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As roller derby evolves, sport leaders look to improve safety

Women's Flat Track Derby Association
Women’s Flat Track Derby Association (Photo credit: Wikipedia)

Four years after the Drew Barrymore film Whip It and the new wave of derby girls the movie brought to the rink, changes in flat track roller derby are aimed at improving skater safety as the sport evolves.

Once a month at U.I.C. Pavilion, people can experience a bout of hard-hitting action from the Windy City Rollers league.

“They used to be a lot more rowdy,” explained Michaela White, a waifish, tattooed D.J. on Chicago’s electronic music scene and a former skater in the Windy City Rollers league.  White hung up her skates about two years ago after a brief stint as K.C. Master-Beast of the Haymarket Rioters. According to her, she retired due to an ankle injury, and some issues she had with the officiating kept her from rejoining the league.

White added, “Refs didn’t call penalties as much, so there was never a girl in the [penalty] box.”

Putting a skater in the penalty box momentarily slows down the action without having to sacrifice explosive gameplay, according to Mack Savage of the Manic Attackers.  “They’re calling more minors [penalties], but girls are adapting,” she boasted. “We still hit hard.”

No girl in the box means a faster, more violent game for spectators. Unfortunately, that freedom for skaters to express themselves on the rink came at the expense of the skaters’ protection from each other.

“Ankle and knee injuries are the most common, “ said Kali Schumitz, Public Relations Manager of the Women’s Flat Track Derby Association (WFTDA.)  According to Schumitz, the WFTDA requires anyone on skates to carry their supplemental coverage, but the individual teams and leagues determine any requirement of individual primary health coverage.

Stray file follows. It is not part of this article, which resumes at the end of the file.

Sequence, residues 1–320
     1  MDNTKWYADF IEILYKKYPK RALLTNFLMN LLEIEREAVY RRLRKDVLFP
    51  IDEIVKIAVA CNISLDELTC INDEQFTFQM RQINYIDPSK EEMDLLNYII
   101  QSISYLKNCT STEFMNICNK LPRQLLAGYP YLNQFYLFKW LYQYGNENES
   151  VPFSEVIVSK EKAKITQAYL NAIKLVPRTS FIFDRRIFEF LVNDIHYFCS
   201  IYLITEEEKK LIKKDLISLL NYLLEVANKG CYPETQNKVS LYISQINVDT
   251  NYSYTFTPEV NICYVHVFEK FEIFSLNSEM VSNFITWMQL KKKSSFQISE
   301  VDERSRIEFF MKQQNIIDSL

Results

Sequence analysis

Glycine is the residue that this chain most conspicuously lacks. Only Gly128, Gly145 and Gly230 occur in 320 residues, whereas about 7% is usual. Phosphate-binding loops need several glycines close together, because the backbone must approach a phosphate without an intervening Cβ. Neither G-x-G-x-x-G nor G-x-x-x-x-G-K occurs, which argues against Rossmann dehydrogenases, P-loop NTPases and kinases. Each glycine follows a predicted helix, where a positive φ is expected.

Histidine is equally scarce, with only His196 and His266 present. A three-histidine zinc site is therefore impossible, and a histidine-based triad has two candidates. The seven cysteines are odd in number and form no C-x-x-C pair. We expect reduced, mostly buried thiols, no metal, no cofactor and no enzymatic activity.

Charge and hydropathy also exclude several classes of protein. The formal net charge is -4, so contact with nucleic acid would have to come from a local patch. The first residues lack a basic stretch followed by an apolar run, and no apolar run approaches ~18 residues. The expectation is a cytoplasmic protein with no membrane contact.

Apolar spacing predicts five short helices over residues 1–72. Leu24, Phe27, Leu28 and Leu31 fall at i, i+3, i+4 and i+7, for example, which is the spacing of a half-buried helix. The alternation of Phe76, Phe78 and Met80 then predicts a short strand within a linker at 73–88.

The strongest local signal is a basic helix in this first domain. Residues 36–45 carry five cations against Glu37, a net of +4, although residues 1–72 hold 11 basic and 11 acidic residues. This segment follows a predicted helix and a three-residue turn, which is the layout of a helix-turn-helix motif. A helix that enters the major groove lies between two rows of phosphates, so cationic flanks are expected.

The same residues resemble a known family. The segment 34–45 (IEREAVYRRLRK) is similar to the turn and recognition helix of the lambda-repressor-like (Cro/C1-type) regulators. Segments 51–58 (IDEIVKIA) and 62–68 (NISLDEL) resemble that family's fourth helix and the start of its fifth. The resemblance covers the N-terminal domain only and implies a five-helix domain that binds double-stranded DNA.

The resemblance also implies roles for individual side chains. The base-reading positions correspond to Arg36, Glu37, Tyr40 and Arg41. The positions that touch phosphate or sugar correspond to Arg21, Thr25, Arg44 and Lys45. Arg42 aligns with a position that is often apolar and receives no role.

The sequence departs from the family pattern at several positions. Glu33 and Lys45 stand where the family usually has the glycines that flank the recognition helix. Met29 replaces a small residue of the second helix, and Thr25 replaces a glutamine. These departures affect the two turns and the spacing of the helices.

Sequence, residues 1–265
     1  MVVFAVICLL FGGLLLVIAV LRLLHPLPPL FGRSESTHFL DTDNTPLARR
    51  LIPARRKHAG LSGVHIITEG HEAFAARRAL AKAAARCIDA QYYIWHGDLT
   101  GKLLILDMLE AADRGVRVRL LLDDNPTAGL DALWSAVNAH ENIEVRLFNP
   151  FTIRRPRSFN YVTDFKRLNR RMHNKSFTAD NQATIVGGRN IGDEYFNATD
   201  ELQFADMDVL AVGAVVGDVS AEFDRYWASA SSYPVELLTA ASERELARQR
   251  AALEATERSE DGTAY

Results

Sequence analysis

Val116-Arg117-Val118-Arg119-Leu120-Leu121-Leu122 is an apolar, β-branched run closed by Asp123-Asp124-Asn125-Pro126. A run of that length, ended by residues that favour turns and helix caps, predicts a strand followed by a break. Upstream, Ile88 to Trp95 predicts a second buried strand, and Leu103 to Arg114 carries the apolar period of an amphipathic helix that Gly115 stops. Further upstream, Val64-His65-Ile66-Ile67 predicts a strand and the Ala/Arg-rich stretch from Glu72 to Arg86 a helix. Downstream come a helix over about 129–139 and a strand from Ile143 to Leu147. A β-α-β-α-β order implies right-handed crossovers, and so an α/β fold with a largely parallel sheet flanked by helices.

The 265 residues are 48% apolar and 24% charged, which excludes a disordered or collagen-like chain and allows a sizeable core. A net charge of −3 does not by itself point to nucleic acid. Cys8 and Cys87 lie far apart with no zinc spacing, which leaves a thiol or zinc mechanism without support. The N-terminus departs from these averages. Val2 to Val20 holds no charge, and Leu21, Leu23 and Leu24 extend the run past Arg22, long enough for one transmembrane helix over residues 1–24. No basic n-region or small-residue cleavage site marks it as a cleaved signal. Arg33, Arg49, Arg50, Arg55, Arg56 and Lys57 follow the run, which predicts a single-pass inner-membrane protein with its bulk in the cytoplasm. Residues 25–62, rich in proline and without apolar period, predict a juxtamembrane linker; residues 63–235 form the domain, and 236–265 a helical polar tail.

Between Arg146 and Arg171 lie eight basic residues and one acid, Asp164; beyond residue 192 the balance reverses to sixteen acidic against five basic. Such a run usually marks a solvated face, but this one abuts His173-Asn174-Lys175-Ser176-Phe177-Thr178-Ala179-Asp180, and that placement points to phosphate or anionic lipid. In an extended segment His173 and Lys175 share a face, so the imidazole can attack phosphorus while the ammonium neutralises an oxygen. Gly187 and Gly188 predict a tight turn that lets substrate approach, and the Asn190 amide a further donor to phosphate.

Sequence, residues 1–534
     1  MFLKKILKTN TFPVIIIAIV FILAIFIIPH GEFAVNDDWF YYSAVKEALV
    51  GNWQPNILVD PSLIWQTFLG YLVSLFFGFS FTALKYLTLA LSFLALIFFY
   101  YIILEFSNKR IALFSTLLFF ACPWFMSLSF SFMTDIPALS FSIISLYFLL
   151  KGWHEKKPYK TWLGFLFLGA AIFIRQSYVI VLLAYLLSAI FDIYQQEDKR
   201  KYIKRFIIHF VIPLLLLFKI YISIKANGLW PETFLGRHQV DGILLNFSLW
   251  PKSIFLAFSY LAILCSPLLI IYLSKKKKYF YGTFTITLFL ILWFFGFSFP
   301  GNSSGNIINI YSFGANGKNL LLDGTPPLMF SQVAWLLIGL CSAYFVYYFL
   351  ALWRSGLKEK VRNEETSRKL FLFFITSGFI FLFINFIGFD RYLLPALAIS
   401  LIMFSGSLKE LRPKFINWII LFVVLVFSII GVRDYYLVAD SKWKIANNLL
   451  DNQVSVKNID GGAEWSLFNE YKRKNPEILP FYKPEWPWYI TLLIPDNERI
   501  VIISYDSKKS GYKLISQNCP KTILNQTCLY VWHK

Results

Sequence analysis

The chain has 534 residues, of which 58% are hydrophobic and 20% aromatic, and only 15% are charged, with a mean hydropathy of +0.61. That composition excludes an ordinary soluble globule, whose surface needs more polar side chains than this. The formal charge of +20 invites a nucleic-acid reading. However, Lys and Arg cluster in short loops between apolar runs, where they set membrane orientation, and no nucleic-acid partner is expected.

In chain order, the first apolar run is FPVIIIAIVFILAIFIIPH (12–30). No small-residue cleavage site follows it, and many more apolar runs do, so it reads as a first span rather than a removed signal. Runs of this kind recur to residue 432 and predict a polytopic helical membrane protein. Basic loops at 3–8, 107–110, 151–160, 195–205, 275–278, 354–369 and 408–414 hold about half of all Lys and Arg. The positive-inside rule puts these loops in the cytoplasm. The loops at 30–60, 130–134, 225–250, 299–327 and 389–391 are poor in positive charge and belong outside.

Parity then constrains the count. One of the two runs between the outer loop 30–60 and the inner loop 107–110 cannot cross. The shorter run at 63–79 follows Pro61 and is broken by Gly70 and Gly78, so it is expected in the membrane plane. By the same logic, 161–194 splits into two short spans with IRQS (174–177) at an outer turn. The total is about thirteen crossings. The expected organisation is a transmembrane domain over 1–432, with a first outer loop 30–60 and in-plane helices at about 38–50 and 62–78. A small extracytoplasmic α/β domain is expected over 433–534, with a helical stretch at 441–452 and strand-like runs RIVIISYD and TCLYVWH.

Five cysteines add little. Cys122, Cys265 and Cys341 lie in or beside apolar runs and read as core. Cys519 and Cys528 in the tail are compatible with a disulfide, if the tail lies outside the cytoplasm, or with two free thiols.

Along with a new era of rules enforcement, Schumitz says the WFTDA has also changed its minimum skill requirements for new skaters joining member leagues.  “Of course, safety is a top priority as our sport continues to grow.”

Scary facepaint girl prepares to block at Roll...
Scary facepaint girl prepares to block at Roller derby; Bay Area Derby Girls (Photo credit: Wikipedia)

According to the organization’s records, 43 member leagues were successfully launched from 2009 to 2011.  The 2011 season began with 109 member leagues, and 2013 began with 176 member leagues and 119 hopefuls in the WFTDA Apprentice Program, which helps builds prospective member leagues around the country.

With 11 official member leagues currently posted to, California has built more leagues than any other state. Girls frequently travel throughout the state to support other leagues.

“We’re headed to Sac City tonight,” declared Sandy Cruz, who was formerly Motley Cruz of the San Francisco She-vil Dead, part of the Bay Area Derby Girls league. After retirement she and her business partners opened Cruz Skate Shop in Berkeley, Calif.

The shop has been open for five years, and it serves the Bay Area roller derby community.  “We just moved the shop across the bay to be more accessible to the other leagues,” said Cruz. She remembers the hard hits and the pain of past bouts.  “I believe all those crashes were spreading word of the sport, but it was only a matter of time until you suffered an injury out there,” she recalled.

New changes to the WFTDA rules allow for skaters to affix hockey-style face shields to their helmets and other previously restricted protective gear. “Focusing on training and how to skate safely will be the best thing for girls in the long run,” Cruz insisted.

The home of the Sac City Rollers league is about 50 miles northeast of Berkeley in the state’s capitol, Sacramento. It started out as one of nine new apprentice leagues in 2011, and the league will be celebrating its one-year anniversary in June.  Cruz said, “Derby isn’t going anywhere, if anything, worldwide interest in the sport is definitely on the rise.”

After achieving full-member status in the WFTDA, Sac City Rollers sponsored the formation of a junior roller derby league for girls aged ten to 17.  They call themselves The Bad Apples.

The Department of Orthopedics and Sports Medicine at University of Alabama at Birmingham is conducting a study into the injuries sustained by roller derby athletes. Information and instructions on how to participate in the survey can be found here.

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